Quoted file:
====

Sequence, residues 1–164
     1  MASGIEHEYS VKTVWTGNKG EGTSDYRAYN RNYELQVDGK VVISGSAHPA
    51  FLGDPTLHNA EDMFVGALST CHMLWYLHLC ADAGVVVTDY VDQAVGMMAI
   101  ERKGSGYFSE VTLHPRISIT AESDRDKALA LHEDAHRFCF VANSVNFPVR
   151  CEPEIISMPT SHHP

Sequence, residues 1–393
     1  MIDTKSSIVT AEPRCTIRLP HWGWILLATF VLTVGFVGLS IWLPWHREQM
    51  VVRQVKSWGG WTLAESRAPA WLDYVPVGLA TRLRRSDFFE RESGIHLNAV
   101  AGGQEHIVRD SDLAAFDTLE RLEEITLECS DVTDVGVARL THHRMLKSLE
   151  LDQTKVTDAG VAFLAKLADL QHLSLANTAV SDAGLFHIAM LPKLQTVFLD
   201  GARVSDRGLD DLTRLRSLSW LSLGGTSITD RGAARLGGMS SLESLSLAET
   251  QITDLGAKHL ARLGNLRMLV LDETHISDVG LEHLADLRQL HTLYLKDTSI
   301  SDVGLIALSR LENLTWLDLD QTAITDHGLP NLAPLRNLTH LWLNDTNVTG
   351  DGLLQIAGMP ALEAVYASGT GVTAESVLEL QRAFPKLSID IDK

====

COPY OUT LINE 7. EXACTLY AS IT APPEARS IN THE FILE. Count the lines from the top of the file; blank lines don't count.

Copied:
     1  MIDTKSSIVT AEPRCTIRLP HWGWILLATF VLTVGFVGLS IWLPWHREQM